The Government are seeking expert insight on the potential racial and gender bias of medical devices, in a new call for evidence launched to improve the quality of NHS healthcare.
The call for evidence will form part of an independent review on equity in medical devices, led by Professor Dame Margaret Whitehead, which is aiming to weed out, and eradicate, any biases against patients of different genders, ethnicities, or other socio-demographic groups.
The evidence-call will be open for eight weeks and will glean information from those most familiar with medical devices like infrared scanners or oxygen measuring devices, such as engineers, designers, researchers, and other health professionals.
The enquiry will look at a device’s entire life cycle – from investigating the evaluation process all the way to marketing and implementation.
For example, devices that employ infrared light could run into issues with patients with a darker skin pigmentation, meaning the testing of such devices hasn’t included a diverse range of participants and has subsequently contributed to an unnecessary and avoidable health disparity.
The independent review, and the call for evidence that will inform it, will hopefully reduce the possibility of such oversights further exacerbating already existing health inequalities, and ultimately improve the standard of healthcare across the country.
Health Minister, Gillian Keegan, said: “I am committed to ensuring all patients receive high-quality, innovative healthcare without discrimination.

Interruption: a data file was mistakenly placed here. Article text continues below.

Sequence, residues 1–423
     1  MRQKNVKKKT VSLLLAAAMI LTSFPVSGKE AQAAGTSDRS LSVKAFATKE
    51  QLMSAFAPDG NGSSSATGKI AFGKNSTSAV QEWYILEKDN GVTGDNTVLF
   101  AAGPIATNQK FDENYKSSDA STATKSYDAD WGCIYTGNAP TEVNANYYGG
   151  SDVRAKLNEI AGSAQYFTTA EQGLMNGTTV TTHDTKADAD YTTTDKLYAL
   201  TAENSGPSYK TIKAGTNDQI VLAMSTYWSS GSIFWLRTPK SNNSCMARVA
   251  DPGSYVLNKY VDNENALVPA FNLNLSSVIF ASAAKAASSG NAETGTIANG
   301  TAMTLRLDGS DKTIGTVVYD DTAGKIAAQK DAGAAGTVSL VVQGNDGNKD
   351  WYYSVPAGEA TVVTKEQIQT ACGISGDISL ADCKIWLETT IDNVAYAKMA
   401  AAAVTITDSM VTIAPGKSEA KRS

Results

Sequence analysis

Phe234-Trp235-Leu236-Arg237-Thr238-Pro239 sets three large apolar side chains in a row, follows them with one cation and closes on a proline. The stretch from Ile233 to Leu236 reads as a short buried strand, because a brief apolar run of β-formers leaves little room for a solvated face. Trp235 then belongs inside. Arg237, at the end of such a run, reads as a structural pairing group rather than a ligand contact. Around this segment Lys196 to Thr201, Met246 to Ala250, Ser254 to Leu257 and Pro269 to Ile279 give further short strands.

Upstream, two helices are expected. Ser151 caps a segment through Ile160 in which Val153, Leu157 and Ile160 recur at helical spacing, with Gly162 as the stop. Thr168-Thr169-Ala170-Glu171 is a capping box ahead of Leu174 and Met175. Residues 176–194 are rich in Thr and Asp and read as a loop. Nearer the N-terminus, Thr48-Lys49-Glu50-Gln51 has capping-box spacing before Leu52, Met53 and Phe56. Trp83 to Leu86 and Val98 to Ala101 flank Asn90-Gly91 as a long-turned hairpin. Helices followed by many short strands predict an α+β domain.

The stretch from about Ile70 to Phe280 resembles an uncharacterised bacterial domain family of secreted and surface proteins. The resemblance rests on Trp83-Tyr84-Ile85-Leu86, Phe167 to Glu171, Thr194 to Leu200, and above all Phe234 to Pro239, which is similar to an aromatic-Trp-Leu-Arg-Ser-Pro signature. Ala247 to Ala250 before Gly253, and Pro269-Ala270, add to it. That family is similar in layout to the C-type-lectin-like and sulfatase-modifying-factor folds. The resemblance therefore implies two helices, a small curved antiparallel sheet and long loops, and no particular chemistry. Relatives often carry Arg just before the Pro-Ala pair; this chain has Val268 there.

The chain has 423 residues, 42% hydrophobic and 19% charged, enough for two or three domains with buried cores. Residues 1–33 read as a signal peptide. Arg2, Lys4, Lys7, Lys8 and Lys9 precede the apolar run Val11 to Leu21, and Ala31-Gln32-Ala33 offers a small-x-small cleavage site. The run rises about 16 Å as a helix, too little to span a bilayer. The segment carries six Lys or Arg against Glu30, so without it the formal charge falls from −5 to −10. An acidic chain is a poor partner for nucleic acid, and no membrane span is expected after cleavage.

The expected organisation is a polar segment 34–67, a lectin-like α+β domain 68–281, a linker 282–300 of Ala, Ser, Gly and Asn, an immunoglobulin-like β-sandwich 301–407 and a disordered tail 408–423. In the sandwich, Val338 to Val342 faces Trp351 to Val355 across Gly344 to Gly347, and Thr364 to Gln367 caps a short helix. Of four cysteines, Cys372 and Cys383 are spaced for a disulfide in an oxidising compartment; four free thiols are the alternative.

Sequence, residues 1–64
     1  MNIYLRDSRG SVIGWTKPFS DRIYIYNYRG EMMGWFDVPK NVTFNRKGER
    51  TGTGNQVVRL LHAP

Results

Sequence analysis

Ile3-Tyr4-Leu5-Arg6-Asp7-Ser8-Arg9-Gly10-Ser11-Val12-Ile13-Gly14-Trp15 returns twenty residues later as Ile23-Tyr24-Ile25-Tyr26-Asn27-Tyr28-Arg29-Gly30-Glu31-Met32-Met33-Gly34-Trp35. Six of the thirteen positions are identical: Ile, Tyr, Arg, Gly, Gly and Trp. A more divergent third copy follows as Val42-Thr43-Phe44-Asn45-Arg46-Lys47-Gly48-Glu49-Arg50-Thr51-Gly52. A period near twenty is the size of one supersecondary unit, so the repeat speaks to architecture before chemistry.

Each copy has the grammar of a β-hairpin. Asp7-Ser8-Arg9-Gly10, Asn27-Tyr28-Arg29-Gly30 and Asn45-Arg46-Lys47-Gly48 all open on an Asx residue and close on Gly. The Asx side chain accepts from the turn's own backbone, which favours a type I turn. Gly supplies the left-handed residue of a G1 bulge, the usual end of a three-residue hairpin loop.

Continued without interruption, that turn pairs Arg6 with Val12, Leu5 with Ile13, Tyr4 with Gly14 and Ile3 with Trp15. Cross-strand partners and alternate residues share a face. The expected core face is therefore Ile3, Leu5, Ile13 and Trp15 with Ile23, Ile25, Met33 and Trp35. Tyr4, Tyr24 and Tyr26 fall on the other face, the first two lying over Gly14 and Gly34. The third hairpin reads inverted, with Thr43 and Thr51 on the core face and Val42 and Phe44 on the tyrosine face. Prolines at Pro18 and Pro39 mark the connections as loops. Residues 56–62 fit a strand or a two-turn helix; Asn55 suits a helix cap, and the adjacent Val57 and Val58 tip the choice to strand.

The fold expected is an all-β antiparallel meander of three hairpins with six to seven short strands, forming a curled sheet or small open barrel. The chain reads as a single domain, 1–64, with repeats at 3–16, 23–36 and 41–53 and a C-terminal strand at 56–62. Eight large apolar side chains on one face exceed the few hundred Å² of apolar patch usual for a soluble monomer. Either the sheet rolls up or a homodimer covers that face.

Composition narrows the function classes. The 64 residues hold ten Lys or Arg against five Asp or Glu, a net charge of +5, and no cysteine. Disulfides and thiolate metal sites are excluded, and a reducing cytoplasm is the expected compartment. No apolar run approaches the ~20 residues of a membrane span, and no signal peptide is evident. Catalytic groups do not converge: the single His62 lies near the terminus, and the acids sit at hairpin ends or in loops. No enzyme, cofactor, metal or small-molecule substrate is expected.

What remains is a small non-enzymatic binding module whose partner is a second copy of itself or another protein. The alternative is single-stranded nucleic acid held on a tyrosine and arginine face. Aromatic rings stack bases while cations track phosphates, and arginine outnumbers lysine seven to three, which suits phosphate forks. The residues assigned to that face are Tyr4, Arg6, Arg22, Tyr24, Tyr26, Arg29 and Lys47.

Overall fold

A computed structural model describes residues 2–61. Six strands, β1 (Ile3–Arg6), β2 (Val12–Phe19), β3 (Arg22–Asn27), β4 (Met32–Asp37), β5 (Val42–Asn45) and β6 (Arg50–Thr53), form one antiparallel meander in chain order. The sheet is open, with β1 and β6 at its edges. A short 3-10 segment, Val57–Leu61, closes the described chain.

“The independent review is part of our vital work to tackle healthcare inequalities, and I invite the industry to share their expertise in the call for evidence so we can ensure medical devices are free of any form of bias.”
Research has suggested that some medical devices are failing to account for certain differences pertaining to an individual’s ethnic background, gender or disability, and whilst the UK has clear regulations on the expectations on medical devices, there are currently no provisions ensuring that the devices work equally well across different parts of the population.
The review will take into consideration the way in which current and any future regulations could address any biases that occur during any stage of a medical device’s life cycle – from design to active use in the industry.
Professor Dame Margaret Whitehead, chair of the independent review, said: “We aim to establish where and how potential ethnic and other unfair biases may arise in the design and use of medical devices, and what can be done to make improvements.
“We especially encourage health, technology and industry experts and researchers to share their views and any evidence concerning medical devices in order to help us tackle inequalities in healthcare.”
The review is open to everyone with interim results of the review expected late this year, and the full report scheduled to be published in the spring of next year.